Data breach through deception

Several years ago one of the most well-known hackers Kevin Mitnick (see below) wrote a book on the art of deception, as the easiest way to get access to data and computer systems. Kevin Mitnick knows all there is to know about ways to breach into computer systems with hacker tools. Still he claims that hackers prefer the easy way of contacting the company they want to hack! As he quotes it in his book: “The Art of Deception” :

“Why should an attacker spend hours trying to break in, when he can do it instead with a simple phonecall” His book has numerous examples of how hackers misuse peoples will and interest in helping other people, and in particular colleagues. So if you as a hacker can impersonate a colleague you can get a lot of help – even the password to the person you have impersonated!

If you want to secure your systems against deceptive attacks, you have to make your authentication process independent of normal human helpfulness and let an IT-based process conduct the authentication. Additionally you will even have a log of the process afterwards!

FastPass Facilitated Password Reset (FPR) is such a workflow, adding unique authentication steps to the process, where dynamic and contextual information is included. More information on FPR here 

On Kevin Mitnick from Wiley:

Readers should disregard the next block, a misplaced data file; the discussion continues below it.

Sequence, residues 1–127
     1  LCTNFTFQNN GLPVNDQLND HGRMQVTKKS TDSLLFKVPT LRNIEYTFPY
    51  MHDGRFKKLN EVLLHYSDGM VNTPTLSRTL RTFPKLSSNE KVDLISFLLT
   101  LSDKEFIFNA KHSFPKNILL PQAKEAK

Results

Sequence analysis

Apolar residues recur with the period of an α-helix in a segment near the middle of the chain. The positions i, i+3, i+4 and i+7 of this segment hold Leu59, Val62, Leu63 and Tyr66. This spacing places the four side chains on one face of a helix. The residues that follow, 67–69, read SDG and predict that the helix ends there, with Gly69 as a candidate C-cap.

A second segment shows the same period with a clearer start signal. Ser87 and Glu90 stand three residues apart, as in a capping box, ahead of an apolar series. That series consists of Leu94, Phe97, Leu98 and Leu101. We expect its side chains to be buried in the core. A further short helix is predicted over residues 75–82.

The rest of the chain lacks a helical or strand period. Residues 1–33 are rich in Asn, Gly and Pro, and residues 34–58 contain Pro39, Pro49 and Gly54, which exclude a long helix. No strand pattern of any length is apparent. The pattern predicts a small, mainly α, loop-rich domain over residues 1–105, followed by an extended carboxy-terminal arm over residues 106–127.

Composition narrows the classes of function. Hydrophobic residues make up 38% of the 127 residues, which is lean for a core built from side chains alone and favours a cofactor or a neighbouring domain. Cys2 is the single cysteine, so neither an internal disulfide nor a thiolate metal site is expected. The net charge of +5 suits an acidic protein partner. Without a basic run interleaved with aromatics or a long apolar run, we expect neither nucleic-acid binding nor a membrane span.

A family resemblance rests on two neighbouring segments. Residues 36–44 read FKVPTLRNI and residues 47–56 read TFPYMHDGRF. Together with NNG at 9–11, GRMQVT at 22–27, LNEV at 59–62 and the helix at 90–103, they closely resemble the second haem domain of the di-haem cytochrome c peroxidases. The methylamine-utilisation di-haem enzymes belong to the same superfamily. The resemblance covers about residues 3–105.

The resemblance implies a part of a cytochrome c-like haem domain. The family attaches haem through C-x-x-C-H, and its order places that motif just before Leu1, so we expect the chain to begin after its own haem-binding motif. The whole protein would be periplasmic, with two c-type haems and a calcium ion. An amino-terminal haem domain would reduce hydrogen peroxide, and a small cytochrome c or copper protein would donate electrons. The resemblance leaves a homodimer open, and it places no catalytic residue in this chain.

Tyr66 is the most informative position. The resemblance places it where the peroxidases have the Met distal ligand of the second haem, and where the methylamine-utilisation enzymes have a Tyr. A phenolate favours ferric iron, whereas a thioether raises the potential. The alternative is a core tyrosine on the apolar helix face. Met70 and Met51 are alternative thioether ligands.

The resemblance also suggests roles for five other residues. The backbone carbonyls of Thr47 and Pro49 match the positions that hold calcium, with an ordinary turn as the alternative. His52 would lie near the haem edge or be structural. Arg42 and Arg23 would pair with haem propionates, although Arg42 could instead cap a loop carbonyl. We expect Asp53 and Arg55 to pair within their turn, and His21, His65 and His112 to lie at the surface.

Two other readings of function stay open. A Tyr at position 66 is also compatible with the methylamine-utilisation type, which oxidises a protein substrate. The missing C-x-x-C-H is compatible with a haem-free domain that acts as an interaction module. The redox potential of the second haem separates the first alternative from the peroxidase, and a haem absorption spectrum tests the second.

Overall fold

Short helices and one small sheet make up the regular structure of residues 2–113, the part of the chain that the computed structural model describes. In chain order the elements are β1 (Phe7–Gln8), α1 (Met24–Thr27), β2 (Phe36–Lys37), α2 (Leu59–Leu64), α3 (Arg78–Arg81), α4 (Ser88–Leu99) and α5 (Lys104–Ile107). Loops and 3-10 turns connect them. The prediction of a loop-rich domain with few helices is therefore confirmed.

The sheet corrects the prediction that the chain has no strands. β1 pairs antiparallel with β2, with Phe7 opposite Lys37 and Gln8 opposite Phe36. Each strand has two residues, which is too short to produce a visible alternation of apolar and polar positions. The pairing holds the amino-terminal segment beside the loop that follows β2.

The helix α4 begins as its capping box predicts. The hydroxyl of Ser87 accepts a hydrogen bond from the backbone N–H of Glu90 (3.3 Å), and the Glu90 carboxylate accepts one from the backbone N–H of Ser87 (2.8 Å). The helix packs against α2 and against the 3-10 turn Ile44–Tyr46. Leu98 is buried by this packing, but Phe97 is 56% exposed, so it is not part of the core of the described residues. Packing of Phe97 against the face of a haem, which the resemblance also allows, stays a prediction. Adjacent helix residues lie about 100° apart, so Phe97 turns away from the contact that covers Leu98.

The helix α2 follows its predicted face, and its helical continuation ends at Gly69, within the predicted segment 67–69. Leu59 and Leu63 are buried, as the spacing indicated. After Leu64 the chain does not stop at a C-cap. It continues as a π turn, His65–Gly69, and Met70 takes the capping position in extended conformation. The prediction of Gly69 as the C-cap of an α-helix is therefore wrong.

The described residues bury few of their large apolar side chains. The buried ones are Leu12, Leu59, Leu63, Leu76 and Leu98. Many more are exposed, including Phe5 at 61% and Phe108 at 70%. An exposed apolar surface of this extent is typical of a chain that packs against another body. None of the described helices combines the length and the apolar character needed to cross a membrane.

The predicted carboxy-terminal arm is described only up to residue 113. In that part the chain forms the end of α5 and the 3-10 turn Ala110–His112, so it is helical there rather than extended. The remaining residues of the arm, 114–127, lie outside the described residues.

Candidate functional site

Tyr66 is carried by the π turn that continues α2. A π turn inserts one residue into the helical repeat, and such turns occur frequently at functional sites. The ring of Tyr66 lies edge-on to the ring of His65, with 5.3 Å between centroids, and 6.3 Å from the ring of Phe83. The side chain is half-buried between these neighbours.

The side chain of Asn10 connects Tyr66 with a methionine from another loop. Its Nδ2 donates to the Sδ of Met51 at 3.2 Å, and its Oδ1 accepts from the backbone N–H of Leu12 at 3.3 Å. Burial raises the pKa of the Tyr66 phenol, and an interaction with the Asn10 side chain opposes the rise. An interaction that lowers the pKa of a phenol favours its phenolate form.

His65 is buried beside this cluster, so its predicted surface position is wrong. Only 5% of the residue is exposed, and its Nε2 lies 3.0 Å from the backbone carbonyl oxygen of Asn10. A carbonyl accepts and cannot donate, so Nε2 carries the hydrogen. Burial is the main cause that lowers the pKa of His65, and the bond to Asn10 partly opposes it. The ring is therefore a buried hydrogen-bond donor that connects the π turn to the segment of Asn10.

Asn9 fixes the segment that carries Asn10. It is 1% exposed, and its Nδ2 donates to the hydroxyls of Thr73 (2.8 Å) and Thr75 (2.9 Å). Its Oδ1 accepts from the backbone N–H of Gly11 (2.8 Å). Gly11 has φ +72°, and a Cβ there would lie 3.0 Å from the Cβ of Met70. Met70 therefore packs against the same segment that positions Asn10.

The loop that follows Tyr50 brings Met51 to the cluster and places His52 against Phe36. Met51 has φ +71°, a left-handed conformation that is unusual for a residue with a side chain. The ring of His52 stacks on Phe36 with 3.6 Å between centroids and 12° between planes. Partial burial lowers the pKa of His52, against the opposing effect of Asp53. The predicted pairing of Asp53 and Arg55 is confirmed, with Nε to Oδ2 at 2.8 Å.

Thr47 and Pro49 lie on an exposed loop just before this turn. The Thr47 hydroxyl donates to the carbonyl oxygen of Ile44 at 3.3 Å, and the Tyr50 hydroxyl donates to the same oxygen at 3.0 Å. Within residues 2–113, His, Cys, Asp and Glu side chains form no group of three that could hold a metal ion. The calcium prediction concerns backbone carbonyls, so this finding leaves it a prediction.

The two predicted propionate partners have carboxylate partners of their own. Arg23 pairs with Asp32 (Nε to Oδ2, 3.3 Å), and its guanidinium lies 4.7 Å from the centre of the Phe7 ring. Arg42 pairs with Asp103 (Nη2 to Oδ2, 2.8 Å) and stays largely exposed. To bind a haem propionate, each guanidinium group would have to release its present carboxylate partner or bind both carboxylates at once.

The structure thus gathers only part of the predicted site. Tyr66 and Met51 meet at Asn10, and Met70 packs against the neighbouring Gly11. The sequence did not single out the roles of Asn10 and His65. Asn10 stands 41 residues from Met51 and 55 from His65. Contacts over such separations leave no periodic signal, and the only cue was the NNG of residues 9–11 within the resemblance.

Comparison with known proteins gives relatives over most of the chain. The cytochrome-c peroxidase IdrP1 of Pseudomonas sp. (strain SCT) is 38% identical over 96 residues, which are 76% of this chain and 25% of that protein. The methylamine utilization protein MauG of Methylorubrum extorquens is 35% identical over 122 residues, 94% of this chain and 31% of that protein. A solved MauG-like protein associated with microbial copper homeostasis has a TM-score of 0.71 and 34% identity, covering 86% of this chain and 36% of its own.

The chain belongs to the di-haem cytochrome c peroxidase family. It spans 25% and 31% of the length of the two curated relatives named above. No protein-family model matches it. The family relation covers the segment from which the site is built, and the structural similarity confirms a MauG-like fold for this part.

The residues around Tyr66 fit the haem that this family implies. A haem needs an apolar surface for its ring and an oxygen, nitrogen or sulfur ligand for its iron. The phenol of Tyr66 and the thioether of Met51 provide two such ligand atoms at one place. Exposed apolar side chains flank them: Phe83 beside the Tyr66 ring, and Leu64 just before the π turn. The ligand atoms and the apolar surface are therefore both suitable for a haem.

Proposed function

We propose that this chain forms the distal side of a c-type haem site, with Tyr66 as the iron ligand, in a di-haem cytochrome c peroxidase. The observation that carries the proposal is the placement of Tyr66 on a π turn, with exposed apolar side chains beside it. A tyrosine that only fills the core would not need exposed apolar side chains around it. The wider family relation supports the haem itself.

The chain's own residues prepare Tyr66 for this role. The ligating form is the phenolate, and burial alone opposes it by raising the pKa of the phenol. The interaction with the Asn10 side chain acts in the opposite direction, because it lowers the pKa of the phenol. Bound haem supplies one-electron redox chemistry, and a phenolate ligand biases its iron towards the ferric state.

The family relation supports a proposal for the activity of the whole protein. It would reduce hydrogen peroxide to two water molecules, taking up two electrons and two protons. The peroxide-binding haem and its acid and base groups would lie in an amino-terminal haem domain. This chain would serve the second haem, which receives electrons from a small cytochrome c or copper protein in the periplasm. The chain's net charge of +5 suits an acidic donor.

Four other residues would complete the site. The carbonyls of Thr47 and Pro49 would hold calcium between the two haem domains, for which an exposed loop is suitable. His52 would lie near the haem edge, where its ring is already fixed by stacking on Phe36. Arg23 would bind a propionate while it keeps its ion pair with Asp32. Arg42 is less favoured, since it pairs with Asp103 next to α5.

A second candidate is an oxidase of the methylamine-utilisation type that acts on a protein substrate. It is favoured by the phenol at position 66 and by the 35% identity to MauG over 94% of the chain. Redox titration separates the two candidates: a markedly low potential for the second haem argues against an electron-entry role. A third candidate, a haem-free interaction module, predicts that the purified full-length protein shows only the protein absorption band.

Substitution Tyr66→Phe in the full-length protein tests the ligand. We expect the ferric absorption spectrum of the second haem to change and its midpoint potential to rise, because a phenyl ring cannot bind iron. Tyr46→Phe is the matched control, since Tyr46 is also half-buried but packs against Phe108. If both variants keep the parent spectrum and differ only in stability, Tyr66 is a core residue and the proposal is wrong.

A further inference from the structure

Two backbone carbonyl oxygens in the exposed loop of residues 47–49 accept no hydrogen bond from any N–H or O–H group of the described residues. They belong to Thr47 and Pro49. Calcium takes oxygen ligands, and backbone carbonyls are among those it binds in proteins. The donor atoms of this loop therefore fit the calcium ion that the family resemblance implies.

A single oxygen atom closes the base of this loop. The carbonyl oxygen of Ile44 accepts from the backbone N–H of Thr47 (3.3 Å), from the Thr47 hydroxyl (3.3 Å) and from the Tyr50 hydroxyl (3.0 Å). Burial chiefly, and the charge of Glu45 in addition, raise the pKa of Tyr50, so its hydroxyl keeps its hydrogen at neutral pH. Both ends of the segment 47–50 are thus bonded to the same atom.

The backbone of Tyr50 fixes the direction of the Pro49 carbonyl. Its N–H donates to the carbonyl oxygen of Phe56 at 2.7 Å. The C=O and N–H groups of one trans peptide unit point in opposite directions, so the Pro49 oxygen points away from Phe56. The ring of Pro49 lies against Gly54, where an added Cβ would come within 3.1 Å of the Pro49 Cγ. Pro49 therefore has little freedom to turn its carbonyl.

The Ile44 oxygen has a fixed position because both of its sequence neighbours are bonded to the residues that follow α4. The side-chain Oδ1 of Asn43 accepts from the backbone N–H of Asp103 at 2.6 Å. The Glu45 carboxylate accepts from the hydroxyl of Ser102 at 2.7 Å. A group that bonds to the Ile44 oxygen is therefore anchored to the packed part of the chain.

The world’s most infamous hacker offers an insider’s view into the low-tech threats to high-tech security
Kevin Mitnick’s exploits as a cyber-desperado and fugitive form one of the most exhaustive FBI manhunts in history and have spawned dozens of articles, books, films, and documentaries. Since his release from federal prison, in 1998, Kevin Mitnick has turned his life around and established himself as one of the most accepted computer security experts worldwide. Now, in “The Art of Deception”, the world’s most notorious hacker gives new meaning to the old adage, “”It takes a thief to catch a thief.””
Focusing on the human factors involved with information security, Kevin Mitnick explains why the firewalls and encryption protocols in the world will never be enough to stop a savvy grifter intent on rifling a corporate database or an irate employee determined to crash a system. With the help of many fascinating true stories of successful attacks on businesses and governments, he illustrates just how susceptible even the most locked-down information systems are to a slick con artist impersonating an IRS agent. Narrating from the points of view of both the attacker and the victims, he explains why each attack was so successful and how it could have been prevented in an engaging and highly readable style reminiscent of a true-crime novel. And, perhaps most importantly, Kevin Mitnick offers advice for preventing these types of social engineering hacks through security protocols, training programs, and manuals that address the human element of security.

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